Falling 3 percent from a year ago, agricultural land values for the Seventh Federal Reserve District remained on a downward trend in the third quarter of 2016. Year-over-year decreases in “good” agricultural land values for Illinois, Iowa, and Michigan outweighed increases in such values for Indiana and Wisconsin. Moreover, according to the 208 agricultural bankers who responded to the October 1 survey, District farmland values decreased 1 percent in the third quarter of 2016 from the second quarter. A majority of the survey respondents saw the downward trend for agricultural land values continuing into the fourth quarter of 2016: 58 percent of the responding bankers anticipated a decrease in farmland values in the final quarter of 2016, while less than 1 percent anticipated an increase.
In the third quarter of 2016, District agricultural credit conditions deteriorated once more, yet not all indicators were negative. In addition to repayment rates for non-real-estate farm loans being down in the third quarter of 2016 relative to the same quarter last year, loan renewals and extensions were up. While the availability of funds for lending by agricultural banks remained slightly above the level of a year ago for the third quarter of 2016, the demand for non-real-estate loans relative to a year ago was a bit more pronounced than in the prior quarter. The average loan-to-deposit ratio for the District jumped to 75.3 percent—just shy of its highest level in seven years. Average interest rates on farm loans in the third quarter were the lowest of 2016.
The third quarter of 2016 marked the fourth straight quarter of year-over-year declines for District farmland values—the first time for such a streak since 1986–87. The District’s farmland values were down 3 percent from last year’s third quarter, although Indiana’s farmland values were up 1 percent from a year ago and Wisconsin’s were up 2 percent (see map and table below). Farmland values for Illinois, Iowa, and Michigan decreased on a year-over-year basis (4 percent, 5 percent, and 11 percent, respectively). The District’s agricultural land values decreased 1 percent from the second quarter of 2016, led by a 3 percent quarterly decrease for Michigan.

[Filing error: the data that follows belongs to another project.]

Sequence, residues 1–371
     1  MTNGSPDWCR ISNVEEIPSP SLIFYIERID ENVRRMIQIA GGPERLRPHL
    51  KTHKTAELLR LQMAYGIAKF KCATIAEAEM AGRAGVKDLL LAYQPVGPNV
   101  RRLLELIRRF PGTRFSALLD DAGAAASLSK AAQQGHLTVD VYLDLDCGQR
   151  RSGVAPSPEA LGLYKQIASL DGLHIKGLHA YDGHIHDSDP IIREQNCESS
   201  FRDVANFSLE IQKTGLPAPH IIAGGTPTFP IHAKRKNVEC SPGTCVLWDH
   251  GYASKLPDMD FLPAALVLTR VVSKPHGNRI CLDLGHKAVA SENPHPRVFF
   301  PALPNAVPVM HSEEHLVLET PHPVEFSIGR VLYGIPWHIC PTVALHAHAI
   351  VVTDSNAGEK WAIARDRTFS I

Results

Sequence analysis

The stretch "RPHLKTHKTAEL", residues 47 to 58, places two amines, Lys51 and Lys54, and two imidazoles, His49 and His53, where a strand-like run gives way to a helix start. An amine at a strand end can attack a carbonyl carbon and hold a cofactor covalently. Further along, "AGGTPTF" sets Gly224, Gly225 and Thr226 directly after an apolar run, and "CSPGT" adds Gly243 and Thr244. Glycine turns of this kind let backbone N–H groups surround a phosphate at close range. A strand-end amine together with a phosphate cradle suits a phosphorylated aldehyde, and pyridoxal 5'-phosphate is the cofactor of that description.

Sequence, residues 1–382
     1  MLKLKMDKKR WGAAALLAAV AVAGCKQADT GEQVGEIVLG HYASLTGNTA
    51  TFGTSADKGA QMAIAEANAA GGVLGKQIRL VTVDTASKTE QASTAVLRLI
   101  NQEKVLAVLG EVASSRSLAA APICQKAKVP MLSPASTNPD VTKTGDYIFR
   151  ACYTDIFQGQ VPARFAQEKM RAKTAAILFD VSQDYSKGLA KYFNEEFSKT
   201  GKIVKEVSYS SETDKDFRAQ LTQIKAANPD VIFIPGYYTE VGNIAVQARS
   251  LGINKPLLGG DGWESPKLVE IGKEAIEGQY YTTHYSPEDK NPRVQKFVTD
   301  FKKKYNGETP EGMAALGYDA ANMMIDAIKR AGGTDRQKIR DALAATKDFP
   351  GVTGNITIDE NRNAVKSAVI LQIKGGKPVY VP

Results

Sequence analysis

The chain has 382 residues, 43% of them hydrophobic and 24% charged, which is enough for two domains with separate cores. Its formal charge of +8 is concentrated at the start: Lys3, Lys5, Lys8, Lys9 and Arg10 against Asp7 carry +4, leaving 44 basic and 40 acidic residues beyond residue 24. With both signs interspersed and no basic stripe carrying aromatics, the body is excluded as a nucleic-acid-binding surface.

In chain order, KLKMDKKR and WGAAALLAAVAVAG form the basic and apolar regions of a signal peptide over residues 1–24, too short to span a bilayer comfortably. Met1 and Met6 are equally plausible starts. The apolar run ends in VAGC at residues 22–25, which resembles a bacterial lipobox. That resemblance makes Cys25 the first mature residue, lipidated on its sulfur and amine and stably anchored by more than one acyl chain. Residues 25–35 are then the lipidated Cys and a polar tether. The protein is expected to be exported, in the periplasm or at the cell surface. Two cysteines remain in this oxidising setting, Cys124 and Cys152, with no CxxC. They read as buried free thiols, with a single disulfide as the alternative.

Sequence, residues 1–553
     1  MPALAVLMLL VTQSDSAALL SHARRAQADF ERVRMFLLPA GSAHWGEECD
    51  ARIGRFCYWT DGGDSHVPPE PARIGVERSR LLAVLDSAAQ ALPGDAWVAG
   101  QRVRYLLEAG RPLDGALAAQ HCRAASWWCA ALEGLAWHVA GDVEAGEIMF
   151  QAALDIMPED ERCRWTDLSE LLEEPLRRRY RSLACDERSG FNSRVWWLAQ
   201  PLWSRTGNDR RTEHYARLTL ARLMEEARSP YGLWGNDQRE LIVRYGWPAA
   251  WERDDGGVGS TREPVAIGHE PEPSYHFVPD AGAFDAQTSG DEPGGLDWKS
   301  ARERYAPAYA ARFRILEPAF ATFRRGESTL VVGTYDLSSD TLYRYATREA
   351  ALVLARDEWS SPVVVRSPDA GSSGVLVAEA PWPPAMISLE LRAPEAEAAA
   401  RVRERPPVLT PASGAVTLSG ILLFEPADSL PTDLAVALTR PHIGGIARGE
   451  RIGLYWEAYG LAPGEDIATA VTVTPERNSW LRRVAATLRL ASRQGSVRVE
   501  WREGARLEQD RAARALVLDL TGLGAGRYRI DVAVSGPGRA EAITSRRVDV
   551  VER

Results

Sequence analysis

Higher levels of pessimism about farmland values in Michigan may partly stem from poorer weather this summer, compared with nearly ideal growing conditions in much of the rest of the District. District-wide corn and soybean yields set new records in 2016, according to U.S. Department of Agriculture (USDA) data (see chart 1). Illinois, Iowa, and Wisconsin were expected to set records for corn yields, while only Michigan was not expected to have record soybean yields. The USDA forecasted that the five District states’ harvest of corn for grain in 2016 would rise by 11 percent from 2015, establishing a new record. Likewise, soybean production for the five District states in 2016 was projected to break the record, set just last year—this year’s soybean harvest should exceed 2015’s by 9.2 percent, according to USDA projections. Record harvests were under way in Iowa and Wisconsin for corn and in Illinois, Indiana, and Wisconsin for soybeans. Bumper harvests should provide some protection for farmers’ revenues, but falling corn prices have pulled the rug out from beneath their feet.